The paddy fields along the Barak River and Ijei River in the villages of Noney, Tupul, Sinilong and Marangjing have been affected, it said. Villagers in Maranjing complained of crop loss and reduced agriculture yield due to the deposition of cement and chemical laden water discharge in their agriculture land. Fishing and collection of other aquatic species for livelihood has been affected due to contamination of rivers, it added.

Further, it said, the ministry of Railways has allegedly failed to conduct detailed environment impact assessment and Social Impact Assessment.  The villagers are not informed of the exact land areas to be affected by the project, it stated.

It further alleged that the affected villagers of Maranjing, Lukhambi, Awangkhul, Khongsang, Nungtek, Kambiron were compelled to give up portion of their land lost.

The memorandum further said that the villagers are not informed of the exact land areas to be affected by the project. The creation of multiple approach roads to reach tunnels had allegedly led to further land acquisition without taking the consent of communities leading to further destruction of cultivable land and forest and thus impacting the communities’ livelihood sources, it informed.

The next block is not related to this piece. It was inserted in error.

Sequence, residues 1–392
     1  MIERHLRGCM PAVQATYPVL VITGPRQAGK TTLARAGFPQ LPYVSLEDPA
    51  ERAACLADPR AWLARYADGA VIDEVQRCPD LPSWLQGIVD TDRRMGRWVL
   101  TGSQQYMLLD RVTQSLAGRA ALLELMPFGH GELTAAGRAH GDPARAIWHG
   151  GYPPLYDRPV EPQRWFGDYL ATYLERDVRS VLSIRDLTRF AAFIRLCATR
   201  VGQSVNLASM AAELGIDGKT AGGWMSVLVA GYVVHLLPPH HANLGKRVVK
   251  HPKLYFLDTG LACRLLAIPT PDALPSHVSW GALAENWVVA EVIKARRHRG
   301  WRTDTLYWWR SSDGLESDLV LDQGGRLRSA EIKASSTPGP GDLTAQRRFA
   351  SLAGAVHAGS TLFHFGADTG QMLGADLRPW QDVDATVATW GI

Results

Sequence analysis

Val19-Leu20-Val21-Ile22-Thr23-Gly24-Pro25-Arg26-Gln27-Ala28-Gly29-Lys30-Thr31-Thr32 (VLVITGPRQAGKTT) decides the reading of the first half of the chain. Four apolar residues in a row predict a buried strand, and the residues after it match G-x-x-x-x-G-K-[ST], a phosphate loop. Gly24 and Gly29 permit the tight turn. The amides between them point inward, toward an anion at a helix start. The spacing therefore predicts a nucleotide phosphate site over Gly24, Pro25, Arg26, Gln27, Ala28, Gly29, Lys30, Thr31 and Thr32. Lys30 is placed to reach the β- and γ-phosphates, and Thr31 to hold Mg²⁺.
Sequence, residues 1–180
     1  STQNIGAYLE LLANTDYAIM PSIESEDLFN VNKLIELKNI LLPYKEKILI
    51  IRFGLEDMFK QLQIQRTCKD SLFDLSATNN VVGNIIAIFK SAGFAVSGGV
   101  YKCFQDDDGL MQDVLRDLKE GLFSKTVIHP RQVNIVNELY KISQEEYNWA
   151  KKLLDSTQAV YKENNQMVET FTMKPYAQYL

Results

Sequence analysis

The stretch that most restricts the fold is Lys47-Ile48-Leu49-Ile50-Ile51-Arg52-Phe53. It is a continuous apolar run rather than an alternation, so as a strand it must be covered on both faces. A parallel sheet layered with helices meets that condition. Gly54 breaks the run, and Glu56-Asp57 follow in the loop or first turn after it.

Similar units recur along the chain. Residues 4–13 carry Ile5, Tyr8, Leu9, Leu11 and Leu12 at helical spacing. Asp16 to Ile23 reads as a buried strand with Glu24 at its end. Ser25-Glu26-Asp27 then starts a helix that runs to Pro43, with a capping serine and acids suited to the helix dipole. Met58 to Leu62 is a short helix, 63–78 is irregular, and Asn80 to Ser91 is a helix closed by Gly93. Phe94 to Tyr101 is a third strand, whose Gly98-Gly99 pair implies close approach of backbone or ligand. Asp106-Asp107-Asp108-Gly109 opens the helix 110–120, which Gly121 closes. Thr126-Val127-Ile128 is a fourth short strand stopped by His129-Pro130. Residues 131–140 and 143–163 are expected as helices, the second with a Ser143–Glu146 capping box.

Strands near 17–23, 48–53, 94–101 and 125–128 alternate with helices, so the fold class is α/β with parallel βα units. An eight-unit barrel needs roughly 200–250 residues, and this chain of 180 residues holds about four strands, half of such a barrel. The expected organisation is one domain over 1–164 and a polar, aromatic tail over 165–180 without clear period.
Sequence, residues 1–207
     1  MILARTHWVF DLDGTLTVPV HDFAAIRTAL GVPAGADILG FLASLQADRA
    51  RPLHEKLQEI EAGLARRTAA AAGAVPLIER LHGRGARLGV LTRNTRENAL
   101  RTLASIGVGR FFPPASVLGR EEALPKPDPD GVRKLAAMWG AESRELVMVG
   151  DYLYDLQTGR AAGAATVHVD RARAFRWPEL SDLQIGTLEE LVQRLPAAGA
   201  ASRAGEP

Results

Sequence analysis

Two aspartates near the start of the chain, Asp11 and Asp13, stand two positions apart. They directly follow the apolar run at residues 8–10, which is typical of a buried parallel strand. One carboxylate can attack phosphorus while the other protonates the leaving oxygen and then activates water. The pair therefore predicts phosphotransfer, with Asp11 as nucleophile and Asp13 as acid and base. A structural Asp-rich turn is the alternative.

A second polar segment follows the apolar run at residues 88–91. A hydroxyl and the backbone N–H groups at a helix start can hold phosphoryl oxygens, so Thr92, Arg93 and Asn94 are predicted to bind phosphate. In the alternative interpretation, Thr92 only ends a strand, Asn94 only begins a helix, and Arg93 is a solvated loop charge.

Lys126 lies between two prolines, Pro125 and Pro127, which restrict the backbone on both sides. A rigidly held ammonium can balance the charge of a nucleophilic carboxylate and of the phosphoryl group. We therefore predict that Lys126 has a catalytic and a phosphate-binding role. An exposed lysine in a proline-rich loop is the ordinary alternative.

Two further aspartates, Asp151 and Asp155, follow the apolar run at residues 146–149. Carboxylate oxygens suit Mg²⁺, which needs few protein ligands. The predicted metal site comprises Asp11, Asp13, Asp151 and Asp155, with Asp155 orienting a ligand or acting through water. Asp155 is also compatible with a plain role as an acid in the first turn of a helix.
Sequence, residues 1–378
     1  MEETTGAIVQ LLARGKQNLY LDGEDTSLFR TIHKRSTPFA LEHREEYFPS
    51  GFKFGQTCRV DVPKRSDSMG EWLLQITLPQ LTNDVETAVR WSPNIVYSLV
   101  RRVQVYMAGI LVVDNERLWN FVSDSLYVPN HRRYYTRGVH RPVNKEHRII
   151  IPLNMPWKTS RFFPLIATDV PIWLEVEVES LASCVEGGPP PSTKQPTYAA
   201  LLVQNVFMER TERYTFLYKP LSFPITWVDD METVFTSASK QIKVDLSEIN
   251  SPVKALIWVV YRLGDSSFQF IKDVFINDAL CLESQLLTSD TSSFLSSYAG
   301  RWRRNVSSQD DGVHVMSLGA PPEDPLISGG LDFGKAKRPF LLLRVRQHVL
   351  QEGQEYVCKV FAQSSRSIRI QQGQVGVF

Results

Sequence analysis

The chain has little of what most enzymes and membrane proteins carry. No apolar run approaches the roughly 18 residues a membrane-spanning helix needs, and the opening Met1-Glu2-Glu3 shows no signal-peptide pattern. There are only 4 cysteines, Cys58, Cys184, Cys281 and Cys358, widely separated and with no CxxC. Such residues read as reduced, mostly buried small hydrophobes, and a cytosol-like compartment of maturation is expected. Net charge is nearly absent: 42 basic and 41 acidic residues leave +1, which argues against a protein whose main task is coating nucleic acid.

A total of 1005.005 hectares of forest land will be diverted for the broad gauge railway line project which will involve felling of 1,19,700 hectares of forest land, 214.3 hectares are moderately dense forest, it said adding  the diversion of forest was carried out in an exclusive process and has affected the water source of many villagers.